Much business was left unfinished at the last Ministerial Council(2) of the Energy Community, the international treaty aiming to integrate the energy markets of the EU and its neighbours. This was due to political circumstances that led to limited participation of the member countries, the so-called contracting parties(3). Yet, the Energy Community is making an effort to move the energy transition forward to our shared objective of climate neutrality, writes Viktor Berishaj, Energy Policy Coordinator for Southeast Europe at Climate Action Network (CAN) Europe.
Coal regions can become champions of the renewable energy sector. They have the energy infrastructure, the land, the people.
Recent developments in the Western Balkans countries indicate that they can take concrete actions and join the EU in tackling the climate crisis, but the progress made so far is not enough.
“The Energy Community Contracting Parties have legal obligations regarding the prohibition of state aid that distorts or threatens to distort competition, which must be respected.(1) State aid authorities in the Contracting Parties systematically turn a blind eye to this obligation.”(2)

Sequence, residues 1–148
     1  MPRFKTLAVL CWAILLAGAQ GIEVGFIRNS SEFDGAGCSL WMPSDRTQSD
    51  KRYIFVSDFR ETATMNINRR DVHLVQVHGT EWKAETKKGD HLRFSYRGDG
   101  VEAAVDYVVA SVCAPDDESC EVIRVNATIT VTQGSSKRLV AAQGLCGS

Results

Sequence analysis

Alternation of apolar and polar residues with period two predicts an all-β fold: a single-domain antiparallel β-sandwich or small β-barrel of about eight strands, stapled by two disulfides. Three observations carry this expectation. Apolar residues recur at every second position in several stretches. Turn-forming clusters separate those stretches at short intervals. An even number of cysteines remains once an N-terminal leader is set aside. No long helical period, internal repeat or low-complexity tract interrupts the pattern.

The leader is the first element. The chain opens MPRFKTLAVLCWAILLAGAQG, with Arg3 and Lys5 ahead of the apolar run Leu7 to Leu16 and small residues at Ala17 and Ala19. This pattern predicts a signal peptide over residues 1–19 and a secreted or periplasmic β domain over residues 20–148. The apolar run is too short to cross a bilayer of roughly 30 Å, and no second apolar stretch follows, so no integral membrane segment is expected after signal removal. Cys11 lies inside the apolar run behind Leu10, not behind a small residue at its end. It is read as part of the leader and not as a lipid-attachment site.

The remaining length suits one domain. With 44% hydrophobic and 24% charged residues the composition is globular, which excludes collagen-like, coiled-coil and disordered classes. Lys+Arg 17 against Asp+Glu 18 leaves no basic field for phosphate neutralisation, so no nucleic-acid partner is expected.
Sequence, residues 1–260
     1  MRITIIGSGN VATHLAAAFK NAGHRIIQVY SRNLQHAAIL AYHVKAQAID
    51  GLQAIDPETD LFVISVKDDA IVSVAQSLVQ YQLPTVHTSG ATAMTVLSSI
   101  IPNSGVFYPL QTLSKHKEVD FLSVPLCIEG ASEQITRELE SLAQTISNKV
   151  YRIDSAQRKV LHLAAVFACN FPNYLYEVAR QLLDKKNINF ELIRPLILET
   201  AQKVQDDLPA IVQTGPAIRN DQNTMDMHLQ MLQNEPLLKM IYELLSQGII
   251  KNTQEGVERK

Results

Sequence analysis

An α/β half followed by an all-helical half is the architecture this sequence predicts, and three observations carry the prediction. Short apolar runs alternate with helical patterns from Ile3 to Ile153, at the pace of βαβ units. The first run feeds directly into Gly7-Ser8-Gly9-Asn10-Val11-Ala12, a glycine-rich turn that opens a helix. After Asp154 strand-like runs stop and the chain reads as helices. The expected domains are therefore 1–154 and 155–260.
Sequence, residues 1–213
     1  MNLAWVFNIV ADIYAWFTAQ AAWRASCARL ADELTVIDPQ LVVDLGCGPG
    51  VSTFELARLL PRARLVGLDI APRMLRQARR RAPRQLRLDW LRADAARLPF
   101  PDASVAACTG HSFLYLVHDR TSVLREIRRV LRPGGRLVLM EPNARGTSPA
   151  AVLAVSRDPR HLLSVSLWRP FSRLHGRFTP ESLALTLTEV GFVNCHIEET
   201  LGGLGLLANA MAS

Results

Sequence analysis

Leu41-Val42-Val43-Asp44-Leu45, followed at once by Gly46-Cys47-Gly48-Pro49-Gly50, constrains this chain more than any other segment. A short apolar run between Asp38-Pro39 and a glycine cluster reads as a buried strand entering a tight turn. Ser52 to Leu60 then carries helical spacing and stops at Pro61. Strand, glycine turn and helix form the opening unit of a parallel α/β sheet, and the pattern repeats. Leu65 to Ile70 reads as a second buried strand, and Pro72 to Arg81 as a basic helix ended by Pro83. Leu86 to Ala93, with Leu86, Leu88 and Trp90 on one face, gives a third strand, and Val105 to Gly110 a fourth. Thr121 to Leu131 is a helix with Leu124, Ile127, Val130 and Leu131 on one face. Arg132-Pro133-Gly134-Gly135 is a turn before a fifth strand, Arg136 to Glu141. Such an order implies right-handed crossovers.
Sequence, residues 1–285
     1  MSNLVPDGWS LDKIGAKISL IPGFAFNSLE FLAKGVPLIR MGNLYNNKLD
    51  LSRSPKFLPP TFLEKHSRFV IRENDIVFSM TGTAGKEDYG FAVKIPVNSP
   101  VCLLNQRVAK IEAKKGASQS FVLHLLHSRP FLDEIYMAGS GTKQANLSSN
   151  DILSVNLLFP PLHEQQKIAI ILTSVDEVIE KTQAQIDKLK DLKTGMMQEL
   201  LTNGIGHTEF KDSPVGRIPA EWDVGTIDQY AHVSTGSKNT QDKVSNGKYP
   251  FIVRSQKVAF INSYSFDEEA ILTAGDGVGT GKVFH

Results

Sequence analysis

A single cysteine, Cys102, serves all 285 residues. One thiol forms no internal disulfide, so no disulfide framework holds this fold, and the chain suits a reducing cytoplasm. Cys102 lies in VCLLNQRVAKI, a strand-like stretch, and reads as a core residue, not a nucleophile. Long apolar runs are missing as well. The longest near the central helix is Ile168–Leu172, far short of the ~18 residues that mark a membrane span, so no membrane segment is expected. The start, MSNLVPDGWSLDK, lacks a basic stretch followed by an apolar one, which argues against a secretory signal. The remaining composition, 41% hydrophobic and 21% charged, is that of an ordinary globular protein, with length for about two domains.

The third round of negotiations to 'modernise' the obscure Energy Charter Treaty (ECT) is coming to a close. From 3 to 6 November, the 53 contracting parties of the treaty tried to find ways to make the agreement from the 1990s fit for the challenges of the 21st century - foremost the climate crisis. But there is no hope that the ECT will be brought in line with the Paris Agreement and the EU's climate commitments.
The Commission’s Communication in December broadened the scope of the European Green Deal to include the EU’s global role. The negotiations on development cooperation in the EU budget, a key element of the European Green Deal for partner countries, continue this week. The challenge is now on for Commissioner Jutta Urpilainen to ensure the European Green Deal delivers for people living in poverty in the Global South, writes Rachel Simon, Climate and Development Policy Coordinator at Climate Action Network (CAN) Europe.
As action in the next 10 years will be most decisive in limiting temperature rise to 1.5°C, the EU will need to increase its 2030 domestic greenhouse emission reduction target under the Paris Agreement (the EU's NDC-Nationally Determined Contribution) from at least 40% to at least 65% compared to 1990 emissions.
Through the adoption and ratification of the Paris Agreement, the EU has committed to “limit global average temperature to well below 2°C above pre-industrial levels and of pursuing efforts to limit the increase to 1.5°C above pre-industrial levels."